Of the eight new charges that have been levied against Ole Miss by the NCAA, one of the most damning is the allegation that a Rebel staffer knew that two boosters paid up to $15,600 in cash to an unnamed “Student-Athlete B.” It’s the pay-for-play smoking gun for which the NCAA spent over four years searching.
Neal McCready of RebelGrove.com is now reporting what was already widely rumored: that “Student-Athlete B” is in fact current Mississippi State linebacker Leo Lewis, who flipped his commitment from Ole Miss to State in the 11th hour of the 2015 recruiting cycle. McCready reports that Lewis was one of the rival players who was interviewed by the NCAA under cover of immunity, and that he “sung about his recruiting.”
Here’s where the report gets really interesting, though:
Ole Miss, per multiple sources, possesses a recording, and has given the SEC a copy, of Lewis’ mother asking Ole Miss for money and detailing incentives she received from other programs, including Mississippi State.
If the Rebels are going down, it seems, they don’t intend to go down alone. This was an obvious potential consequence of the NCAA’s decision to interview players who didn’t go to Ole Miss—it inherently risks pulling that player’s school right down into the pit as well. If Lewis was paid 15 grand to go to school in Oxford, why is he in Starkville? It doesn’t take much deduction to figure out that the Rebels probably lost a bidding war.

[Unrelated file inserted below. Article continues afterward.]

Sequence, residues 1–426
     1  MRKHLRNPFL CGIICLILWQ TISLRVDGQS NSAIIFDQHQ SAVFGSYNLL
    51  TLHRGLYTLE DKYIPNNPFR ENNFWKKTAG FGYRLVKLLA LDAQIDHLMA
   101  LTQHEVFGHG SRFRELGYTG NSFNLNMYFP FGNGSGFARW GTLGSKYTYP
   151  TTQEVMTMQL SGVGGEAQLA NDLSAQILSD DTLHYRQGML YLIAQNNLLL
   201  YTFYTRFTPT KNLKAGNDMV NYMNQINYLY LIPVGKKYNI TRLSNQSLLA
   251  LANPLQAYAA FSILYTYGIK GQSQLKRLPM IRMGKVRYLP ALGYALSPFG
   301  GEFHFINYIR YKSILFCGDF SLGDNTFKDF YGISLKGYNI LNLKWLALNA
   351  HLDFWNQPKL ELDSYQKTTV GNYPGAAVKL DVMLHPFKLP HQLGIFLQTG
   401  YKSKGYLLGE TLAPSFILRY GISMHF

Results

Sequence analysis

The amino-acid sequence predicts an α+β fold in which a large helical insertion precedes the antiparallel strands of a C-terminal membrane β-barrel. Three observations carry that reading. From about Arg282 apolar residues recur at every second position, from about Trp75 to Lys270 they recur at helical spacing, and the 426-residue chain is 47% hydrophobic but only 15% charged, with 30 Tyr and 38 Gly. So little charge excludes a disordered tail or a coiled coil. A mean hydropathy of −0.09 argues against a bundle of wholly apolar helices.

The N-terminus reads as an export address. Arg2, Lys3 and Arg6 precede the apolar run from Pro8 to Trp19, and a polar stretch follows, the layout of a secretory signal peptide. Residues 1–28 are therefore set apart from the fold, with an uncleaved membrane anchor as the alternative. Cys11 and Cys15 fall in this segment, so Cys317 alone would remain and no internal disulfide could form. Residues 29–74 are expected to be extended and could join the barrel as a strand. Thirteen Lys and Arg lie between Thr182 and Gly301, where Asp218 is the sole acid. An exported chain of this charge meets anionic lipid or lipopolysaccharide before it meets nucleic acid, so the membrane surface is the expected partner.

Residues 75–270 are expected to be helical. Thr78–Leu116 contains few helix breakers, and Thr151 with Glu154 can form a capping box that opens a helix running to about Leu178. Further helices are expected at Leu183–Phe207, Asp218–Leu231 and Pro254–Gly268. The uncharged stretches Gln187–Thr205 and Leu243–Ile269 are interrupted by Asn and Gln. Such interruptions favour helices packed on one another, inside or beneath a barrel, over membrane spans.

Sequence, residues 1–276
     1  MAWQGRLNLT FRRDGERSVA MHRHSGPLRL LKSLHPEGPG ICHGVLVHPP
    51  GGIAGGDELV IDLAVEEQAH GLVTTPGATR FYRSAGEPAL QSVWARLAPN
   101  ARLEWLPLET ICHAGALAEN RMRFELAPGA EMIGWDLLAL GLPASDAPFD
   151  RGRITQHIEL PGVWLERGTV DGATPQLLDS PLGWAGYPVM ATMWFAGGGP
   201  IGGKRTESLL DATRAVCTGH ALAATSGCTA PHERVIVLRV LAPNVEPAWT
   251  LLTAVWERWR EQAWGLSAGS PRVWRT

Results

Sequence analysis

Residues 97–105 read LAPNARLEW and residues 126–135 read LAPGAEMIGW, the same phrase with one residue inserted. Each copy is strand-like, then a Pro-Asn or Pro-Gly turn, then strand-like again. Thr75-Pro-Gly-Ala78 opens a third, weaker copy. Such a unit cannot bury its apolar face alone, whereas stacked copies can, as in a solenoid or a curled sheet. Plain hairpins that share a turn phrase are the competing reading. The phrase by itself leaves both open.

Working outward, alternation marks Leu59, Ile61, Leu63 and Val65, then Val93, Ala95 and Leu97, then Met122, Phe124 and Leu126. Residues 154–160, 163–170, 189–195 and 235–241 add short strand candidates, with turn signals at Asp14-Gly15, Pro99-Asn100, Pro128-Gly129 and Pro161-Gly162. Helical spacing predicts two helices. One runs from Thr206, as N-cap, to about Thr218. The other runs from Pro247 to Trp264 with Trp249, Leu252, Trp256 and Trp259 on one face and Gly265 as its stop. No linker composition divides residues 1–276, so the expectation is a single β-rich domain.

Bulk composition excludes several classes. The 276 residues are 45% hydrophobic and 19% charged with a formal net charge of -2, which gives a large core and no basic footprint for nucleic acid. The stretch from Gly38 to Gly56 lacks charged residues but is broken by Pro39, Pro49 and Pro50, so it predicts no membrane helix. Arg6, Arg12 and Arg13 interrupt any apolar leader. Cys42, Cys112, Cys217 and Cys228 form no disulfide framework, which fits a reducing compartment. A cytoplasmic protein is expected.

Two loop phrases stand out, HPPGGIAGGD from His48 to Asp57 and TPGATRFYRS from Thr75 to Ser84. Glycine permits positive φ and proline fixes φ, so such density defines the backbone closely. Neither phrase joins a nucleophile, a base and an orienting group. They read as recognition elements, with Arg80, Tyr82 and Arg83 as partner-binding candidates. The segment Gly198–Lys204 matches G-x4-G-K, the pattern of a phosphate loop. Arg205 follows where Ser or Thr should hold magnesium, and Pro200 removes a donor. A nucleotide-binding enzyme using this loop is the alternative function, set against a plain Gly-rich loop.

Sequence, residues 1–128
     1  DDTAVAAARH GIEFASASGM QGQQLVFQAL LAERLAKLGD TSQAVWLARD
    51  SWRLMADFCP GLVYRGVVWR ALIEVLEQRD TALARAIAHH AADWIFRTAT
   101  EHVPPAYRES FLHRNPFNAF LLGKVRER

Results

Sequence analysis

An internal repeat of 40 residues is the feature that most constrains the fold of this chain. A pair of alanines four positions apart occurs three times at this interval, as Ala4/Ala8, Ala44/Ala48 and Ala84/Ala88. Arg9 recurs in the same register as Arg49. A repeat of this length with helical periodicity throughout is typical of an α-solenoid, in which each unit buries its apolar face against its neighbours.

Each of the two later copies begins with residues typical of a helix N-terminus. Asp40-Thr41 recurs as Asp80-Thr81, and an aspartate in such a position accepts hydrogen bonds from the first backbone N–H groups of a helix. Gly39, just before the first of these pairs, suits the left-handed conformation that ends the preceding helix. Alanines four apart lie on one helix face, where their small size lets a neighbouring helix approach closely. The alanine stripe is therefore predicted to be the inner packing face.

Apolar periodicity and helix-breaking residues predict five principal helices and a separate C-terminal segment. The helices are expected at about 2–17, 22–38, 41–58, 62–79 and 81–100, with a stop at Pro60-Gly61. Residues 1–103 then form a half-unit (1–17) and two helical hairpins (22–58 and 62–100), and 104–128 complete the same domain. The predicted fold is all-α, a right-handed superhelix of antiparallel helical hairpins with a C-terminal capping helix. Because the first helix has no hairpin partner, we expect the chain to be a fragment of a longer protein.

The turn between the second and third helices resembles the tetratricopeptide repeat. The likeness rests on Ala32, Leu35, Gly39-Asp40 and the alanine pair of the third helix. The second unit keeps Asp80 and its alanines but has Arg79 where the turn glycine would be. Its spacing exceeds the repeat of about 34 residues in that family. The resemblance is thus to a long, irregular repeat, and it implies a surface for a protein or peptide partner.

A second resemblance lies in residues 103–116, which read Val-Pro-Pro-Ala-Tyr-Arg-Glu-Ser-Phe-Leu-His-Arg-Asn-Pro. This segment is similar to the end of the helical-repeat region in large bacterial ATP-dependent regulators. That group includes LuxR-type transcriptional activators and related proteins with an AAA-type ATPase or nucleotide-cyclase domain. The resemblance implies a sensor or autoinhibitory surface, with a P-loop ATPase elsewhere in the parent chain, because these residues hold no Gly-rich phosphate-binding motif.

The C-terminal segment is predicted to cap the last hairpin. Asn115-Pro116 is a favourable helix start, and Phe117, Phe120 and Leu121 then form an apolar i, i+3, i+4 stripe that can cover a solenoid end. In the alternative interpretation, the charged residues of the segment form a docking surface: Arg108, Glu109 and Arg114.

McCready called the immunity interviews the “final straws” for an Ole Miss athletic administration that’s been seething behind closed doors as its rivals colluded with the NCAA. As SB Nation’s Steven Godfrey wrote earlier this week, things could get ugly for the SEC if the Rebels decide to start pulling rivals down with them.
Obviously Ole Miss can’t retaliate in any formal way. But far from the above-board practices of major programs, there’s a dense network of boosters, university employees, and middlemen who both create and solve problems in recruiting.
Rival coaching staffs file formal complaints against one another regularly, but among individuals who do the actual compensating of recruits, the philosophy of mutually assured destruction has been a loose rule.
If Ole Miss or any SEC program goes completely under for recruiting violations tied directly to allegations from players at rival schools, the omerta among rival “bagmen” turns null. The prevailing sentiment in SEC recruiting is that no one dies alone. It’s possible the NCAA has not considered this scenario, or it’s possible it’s been aiming to create just such a moment.
Whether the SEC or NCAA will actually do anything about the Lewis tape remains to be seen. My guess is that the decision makers would rather keep the investigation contained to Oxford, where they can make a tidy example of Ole Miss without risking the scandal spreading into an epidemic that threatens the conference itself. If enough of this goes public, however, they won’t have a choice.